With Dzhokhar Tsarnaev taken alive, the focus turns to how the Obama administration is going to seek to bring the Boston Marathon bombing suspect to justice, reports Politico. Lawyers have already the potentially critical decision not to read him Miranda rights under a “public safety exception” to the rule. This means that FBI investigators may have a shot at trying to question him about other potential plots he may be aware of and whether anyone other than his deceased brother was involved in last Monday's bombing or Thursday night's crime spree. (The hospitalized Tsarnaev reportedly has answered questions in writing).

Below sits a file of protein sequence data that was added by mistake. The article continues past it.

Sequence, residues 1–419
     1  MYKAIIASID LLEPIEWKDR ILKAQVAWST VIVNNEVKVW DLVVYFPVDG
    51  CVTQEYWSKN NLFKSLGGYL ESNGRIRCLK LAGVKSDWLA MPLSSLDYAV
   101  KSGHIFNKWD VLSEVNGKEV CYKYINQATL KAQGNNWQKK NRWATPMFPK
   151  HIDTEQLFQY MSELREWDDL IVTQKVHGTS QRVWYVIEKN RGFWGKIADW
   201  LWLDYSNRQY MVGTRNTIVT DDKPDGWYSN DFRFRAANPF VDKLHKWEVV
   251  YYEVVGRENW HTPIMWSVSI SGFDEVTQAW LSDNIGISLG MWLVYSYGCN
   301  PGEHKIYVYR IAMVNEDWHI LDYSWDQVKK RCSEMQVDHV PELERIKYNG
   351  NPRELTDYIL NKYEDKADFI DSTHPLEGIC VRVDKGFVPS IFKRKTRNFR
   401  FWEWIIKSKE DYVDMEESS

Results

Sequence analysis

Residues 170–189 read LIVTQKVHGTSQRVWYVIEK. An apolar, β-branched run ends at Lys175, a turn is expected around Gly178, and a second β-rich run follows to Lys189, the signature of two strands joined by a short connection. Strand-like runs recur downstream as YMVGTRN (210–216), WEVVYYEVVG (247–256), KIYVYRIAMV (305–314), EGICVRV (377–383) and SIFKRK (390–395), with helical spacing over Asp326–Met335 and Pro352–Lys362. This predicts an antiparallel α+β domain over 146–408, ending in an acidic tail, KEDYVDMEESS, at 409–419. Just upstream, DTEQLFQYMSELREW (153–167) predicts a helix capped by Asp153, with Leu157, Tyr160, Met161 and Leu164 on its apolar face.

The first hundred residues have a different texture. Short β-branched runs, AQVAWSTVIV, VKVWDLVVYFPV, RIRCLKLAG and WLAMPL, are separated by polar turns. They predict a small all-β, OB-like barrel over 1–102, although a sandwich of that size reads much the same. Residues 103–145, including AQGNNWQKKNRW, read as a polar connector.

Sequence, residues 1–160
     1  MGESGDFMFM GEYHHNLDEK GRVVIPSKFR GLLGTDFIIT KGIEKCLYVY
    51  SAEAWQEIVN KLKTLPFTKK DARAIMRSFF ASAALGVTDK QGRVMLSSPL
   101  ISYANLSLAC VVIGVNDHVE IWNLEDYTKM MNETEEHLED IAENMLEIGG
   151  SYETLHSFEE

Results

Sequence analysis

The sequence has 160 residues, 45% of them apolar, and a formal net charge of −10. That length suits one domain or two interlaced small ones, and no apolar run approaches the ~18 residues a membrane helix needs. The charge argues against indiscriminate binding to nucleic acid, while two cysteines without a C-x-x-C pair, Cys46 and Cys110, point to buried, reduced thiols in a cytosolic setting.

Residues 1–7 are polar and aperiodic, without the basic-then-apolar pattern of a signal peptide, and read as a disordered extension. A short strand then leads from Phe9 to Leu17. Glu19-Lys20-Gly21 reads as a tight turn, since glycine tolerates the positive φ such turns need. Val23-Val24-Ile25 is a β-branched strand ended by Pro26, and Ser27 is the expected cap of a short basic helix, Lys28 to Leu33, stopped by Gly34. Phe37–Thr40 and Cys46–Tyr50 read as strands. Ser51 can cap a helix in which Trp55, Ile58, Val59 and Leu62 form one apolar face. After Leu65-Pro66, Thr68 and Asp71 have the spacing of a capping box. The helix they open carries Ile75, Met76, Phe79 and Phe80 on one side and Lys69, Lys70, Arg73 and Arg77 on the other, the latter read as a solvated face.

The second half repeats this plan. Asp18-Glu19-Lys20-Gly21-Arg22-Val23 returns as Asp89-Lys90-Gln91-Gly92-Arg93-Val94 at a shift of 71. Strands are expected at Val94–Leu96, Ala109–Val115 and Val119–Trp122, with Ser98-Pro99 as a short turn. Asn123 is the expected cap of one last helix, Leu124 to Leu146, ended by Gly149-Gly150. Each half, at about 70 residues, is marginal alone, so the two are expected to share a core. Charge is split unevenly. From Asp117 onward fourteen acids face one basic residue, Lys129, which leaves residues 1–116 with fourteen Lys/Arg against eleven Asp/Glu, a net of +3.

Senate Armed Services Committee Chairman Carl Levin saw no legal basis for holding the suspect as an enemy combatant., with no evidence he is part of an organized group. Prosecutors may seek the death penalty, but Tsarnaev's lawyers could argue that his mental capacity was impaired, that he may have been under the “duress” of his elder brother or that his participation in the offense was “relatively minor.” The prosecution might enter into a plea bargain for a life sentence in order to avoid the risks of a trial, particularly if an insanity defense seems plausible. Tsarnaev could make a court appearance as soon as today, or investigators could ask for a delay. He can’t be tried in a military commission because he is a U.S. citizen.